Down the Road

Roads and life and how roads are like life

How to make an old roadgeek happy

14

Have I ever mentioned how happy it makes me when I find an old bridge or old pavement that used to serve on an important highway? Oh my, but it does. I unexpectedly came upon some old brick pavement while looking for an old bridge on Indiana’s Dixie Highway mainline. I couldn’t reach the old bridge, but finding the bricks almost made up for it.

Brick New Ross Road

Looking at the map, it’s easy to tell this road’s story. The Dixie Highway originally cheerfully passed through New Ross about 12 miles southeast of Crawfordsville, but just east of town the road crossed a railroad track awkwardly. Indiana’s highway engineers devised a new route that crossed the tracks more safely, bypassing New Ross in the process.

Imagery © 2012 DigitalGlobe, GeoEye, Indiana Map Framework Data, USDA Farm Service Agency. Map data © 2012 Google.

At some point, the bridge that carried the Dixie’s older alignment was demolished. The brick road begins east of where the bridge was. This entire alignment was once paved in brick, but this remnant is all that’s left. It provides access to one property. The resulting ultra low traffic is certainly why this segment has never been covered in asphalt.

Imagery © 2012 DigitalGlobe, GeoEye, Indiana Map Framework Data, USDA Farm Service Agency. Map data © 2012 Google.

Here’s a westbound shot of the brick road as it heads toward the creek.

Brick New Ross Road

When you zoom the map in a little closer, another bridge becomes visible – the one I was hoping to see. If you go back to the previous map, you can see how the road used to be aligned to cross this bridge. My guess is that when the Dixie Highway was paved in bricks, probably during the 1920s, this old bridge was for whatever reason judged insufficient. A newer bridge (now demolished) was built and the road realigned to use it. I wouldn’t be surprised if the old bridge is still used by the landowner.

Imagery © 2012 GeoEye, Indiana Map Framework Data. Map data © 2012 Google.

Sadly, I found no way to get to that bridge without trespassing. I sure would have loved to see it. But at least I got to see the old brick road. Here it is just north of where it crosses the railroad tracks.

Brick New Ross Road

I’ve also found plenty of old brick highway
on the National Road in Illinois, Indiana, and Ohio.

14 thoughts on “How to make an old roadgeek happy

  1. Ted Kappes

    It is interesting to look at places that were once a center of activity and are now a back-water. It amazes me that such long stretches of major roads were once brick. My uncle told me that the old Coast to Coast Highway(Route 36) where it passes through here was once brick. He even remembered seeing the bricks being laid as a young man. I also think it is interesting how many changes we have gone through road-wise in just the course of one lifetime.

    1. Jim Post author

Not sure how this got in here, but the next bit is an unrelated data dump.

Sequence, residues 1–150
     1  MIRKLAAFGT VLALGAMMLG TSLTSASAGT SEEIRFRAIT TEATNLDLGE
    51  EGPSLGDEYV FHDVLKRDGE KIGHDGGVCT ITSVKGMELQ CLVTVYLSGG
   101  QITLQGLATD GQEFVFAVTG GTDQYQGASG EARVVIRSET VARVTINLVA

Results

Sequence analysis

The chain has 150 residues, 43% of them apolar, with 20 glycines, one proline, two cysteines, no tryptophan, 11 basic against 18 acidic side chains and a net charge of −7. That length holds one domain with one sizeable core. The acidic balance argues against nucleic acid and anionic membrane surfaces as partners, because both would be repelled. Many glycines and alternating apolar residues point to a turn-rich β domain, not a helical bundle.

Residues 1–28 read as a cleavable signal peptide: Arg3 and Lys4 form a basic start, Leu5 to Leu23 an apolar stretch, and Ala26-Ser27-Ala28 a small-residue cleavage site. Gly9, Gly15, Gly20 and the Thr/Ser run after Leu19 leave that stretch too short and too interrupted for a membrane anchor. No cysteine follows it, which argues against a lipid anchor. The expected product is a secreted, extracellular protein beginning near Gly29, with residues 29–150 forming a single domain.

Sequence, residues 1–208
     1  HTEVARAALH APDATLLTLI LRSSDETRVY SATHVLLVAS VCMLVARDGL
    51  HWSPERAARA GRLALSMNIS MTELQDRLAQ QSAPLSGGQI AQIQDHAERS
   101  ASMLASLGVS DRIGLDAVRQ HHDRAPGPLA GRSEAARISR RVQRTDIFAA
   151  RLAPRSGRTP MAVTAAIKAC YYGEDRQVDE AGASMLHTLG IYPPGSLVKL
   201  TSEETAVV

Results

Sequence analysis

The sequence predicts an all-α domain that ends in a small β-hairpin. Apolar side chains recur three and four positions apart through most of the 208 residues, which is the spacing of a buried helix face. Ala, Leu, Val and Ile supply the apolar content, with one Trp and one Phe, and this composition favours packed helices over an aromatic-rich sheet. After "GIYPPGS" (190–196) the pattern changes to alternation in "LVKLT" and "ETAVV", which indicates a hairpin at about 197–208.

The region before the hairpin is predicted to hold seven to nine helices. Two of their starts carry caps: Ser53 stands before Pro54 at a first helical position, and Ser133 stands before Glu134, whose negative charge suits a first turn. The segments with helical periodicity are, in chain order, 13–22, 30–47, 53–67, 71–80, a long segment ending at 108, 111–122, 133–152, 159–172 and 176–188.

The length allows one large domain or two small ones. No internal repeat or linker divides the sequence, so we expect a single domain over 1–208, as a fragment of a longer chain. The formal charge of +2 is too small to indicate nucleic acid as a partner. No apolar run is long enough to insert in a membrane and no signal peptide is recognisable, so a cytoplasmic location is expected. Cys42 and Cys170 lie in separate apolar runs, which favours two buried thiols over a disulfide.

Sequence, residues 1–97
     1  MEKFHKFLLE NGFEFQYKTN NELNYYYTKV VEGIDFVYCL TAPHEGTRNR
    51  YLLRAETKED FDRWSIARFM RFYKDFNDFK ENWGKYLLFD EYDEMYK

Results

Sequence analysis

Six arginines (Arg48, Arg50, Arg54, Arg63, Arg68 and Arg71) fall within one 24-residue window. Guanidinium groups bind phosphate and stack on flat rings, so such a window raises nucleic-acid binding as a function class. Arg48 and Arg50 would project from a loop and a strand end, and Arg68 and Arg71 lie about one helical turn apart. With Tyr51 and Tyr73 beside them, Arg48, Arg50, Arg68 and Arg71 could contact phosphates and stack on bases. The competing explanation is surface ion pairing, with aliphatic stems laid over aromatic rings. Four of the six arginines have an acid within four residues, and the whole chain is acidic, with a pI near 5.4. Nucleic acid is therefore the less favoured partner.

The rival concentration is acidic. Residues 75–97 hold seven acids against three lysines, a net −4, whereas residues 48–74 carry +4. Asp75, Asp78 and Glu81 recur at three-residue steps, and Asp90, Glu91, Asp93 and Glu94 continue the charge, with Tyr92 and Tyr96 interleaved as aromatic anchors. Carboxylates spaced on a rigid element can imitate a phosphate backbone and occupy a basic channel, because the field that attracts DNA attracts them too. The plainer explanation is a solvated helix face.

Very often the old brick road is still there, buried under layers of asphalt. Can you imagine how slowly a brick road must have been built?

      1. Ted Kappes

        It sure must have helped lower the unemployment rate. I remember once seeing a beautiful brick pavement be uncovered on Main Street in Paris Illinois. I thought maybe they were planning to restore it to traffic. Instead they covered it again in Asphalt.

        1. Jim Post author

          Brick streets are slipperier when wet and are harder to plow, so it’s not surprising that they covered them again. This reasphalting scenario is common – a buddy in Terre Haute said that they scraped the asphalt off his street a couple years ago to reveal brick, and then reasphalted it.

  2. ryoko861

    Find the homeowner and ask him if you could see the bridge. Tell him what you’re doing. I’m sure he won’t mind. He might even have some more info for you on it!

    1. Jim Post author

      Sometimes you get lucky and encounter the property owner. In this case, the copious No Trespassing signs deterred me from knocking on his door.

      1. Ted Kappes

        Back when I was more adventurous I learned that often the people who put up the most signs often were very friendly when I actually met them. I started to figure that maybe they put up all the signs because they had a hard time saying no in person.

      2. ryoko861

        But if you just go up to his door and ask him instead of just traipsing onto his property with your camera he may have a change of heart. I do understand your apprehension though.

    1. Jim Post author

      Heh, it certainly would help!  It occurs to me now that I might be able to see some of the bridge from US 136 at the railroad bridge.

    1. Jim Post author

      Me neither. I’ve been doing this roadgeek thing for six years now and this is the first time I’ve ever seen or heard of anything like this.

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